He left Mansfield on foot with two pence and his spare clothes in a box. At Chesterfield he stopped at a lodging house and found an LDS family that helped him. He soon had work and preached in different towns. After two years, having saved enough, he bid his mother goodbye and left for America on the ship “Marshfield” The ship left Liverpool, England on April 8, 1854 and were bound for New Orleans. Four days after setting sail he married Hannah Blench, an LDS girl he had been courting for awhile.

From New Orleans, they traveled up the Mississippi and traveled emigrant style in covered wagons to Salt Lake City in the William A. Empey Company. They arrived in Salt Lake City October 23, 1854.

He started a blacksmith shop on Main Street in Salt Lake City and lived there for a year before the family moved to Ogden. Here he purchased a lot on 27 Adam Street and a tent to live in. He eventually built an adobe house on this property.

He was a member of the Weber County militia and was involved in the Utah War of 1857. In 1860 he was among the volunteers to drive an ox team to Omaha to help bring more emigrants to Utah. In Omaha he met George Q. Cannon who asked him to return with a handcart company, which he did. There were 21 handcarts and eight wagons in this company. They arrived in Salt Lake City September 24, 1860. Then he joined his family again in Ogden.

In Ogden, they started a store and sold all kinds of medicinal herbs. Hannah had training as a nurse and William became knowledgeable in the use of herbs. Their store was very successful and William also became manager of the Ogden branch of the ZCMI store when it was run a co-operative store. He proved to be a very successful merchant.

William returned to England in 1869 and 1870 for another mission. He labored in the area where he had lived and helped many of the converted families come to Utah.

Both William and Hannah loved the gospel and had gone through much for it. After talking it over, they decided to live the law of polygamy and Hannah gave her consent for William to take other wives. He married Fannie Branson August 5, 1870. On October 31, 1870 he married Annie Burton and on December 23, 1872 he married Annie’s sister Sarah Burton. Each family had their own home. We are descended from Sarah.

Both Burton sisters married William just after arriving in the Salt Lake Valley. They were also from Mansfield, Nottinghamshire, England, where William was from. He made rooms from them in the upper level of his store on Washington Avenue. In 1873 the balance of the Burton family came to Utah including their mother and father and some brothers.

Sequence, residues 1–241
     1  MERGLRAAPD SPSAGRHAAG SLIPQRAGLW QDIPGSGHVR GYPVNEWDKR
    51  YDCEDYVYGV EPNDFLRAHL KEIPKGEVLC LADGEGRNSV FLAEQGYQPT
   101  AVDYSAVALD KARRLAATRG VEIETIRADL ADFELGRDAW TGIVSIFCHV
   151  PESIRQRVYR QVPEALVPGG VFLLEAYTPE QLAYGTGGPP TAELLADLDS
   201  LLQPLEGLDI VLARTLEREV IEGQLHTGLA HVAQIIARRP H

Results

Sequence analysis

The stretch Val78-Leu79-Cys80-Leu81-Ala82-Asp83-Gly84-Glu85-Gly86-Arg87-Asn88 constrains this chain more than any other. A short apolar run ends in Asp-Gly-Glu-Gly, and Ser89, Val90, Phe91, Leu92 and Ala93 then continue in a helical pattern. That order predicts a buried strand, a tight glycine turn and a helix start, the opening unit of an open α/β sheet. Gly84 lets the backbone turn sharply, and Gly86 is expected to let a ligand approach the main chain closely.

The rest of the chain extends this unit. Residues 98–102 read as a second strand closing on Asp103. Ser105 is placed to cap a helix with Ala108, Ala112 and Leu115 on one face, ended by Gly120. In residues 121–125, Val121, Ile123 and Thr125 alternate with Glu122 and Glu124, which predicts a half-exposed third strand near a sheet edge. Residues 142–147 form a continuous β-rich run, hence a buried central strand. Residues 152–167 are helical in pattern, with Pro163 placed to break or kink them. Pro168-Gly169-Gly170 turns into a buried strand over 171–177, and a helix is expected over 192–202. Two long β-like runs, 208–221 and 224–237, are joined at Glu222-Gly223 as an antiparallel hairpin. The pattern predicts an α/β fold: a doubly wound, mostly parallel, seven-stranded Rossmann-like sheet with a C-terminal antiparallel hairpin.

When the government started cracking down on polygamy, William was sent to prison for “unlawful cohabitation.” He was sentenced for 13 months but was released after six months possibly for good behavior.

When the Manifesto was given and approved my members of the Church in 1890 Hannah met with the other three wives. At her suggestion they decided that William should stay with Annie since she had the youngest family. She also advised them to each get her home in her own name before having the marriage dissolved.

Annie and William decided to move to Cardston, Alberta, Canada. They arrived there in 1885 and remained there for seven and a half years before returning to Ogden. In Ogden, William acquired a small store and adjoining house where this family lived. He died at his home on November 27, 1906.

This article is based on two articles I found in the Daughters of the Utah Pioneers archive. One was written by a granddaughter Mary Pidcock Jordan and I don’t know the name of the other author.

Monday, April 4, 2011

Henry Getz

  • Name: Henry Getz
  • Born: December 19, 1935 Bonfeld, Wurtemberg, Germany
  • Died: September 13, 1914 Monte Vista, Colorado
  • Related through: Dan's grandmother Melva Castleton

Our first ancestor to come to America from the Getz family was our great grandfather, Henry (Heinrich) Getz. He was born in Bonfeld, Wurtemberg, Germany, son of Peter and Katherine Kres Getz.

In Germany, his occupation was dying materials. On November 7, 1854, he came into Peoria, Illinois on the "Rocket," a wood burning locomotive which pulled the first passenger train into Peoria, from Rock Island, Illinois. He was 19 years old and traveled to America with the George Wenger family. They were of the Apostolic Christian religion; he married their daughter, Hanna, February 9, 1858.

After coming to America, he became a farmer. When he was first married, he and his wife lived near Roanoke, Illinois for a short time, and from there they moved south of Morton, Illinois, to the farm now owned by Frank Hoffman (this book was compiled in the 1940's by Hanna M. Koch, of Tremont, Ill., she probably knew all the farms in the area) Next they lived south of Tremont, Illinois on the Benjamin Getz place. About 1879 they moved to Greenwood County, Kansas, and lived there five years, and then they came back to Tremont again and lived on the farm now owned by J. C. Schweigert. In the year 1906 he and his wife moved to Monte Vista, Colorado, and spent their remaining years there with their son, Peter.

Henry died September 13, 1914. He was buried back in Tremont, Illinois at the Mount Hope Cemetery. He was known to be an easy going, quiet, gentle, loving man.

Thanks to Grandma Melva for writing this history and sharing it with us.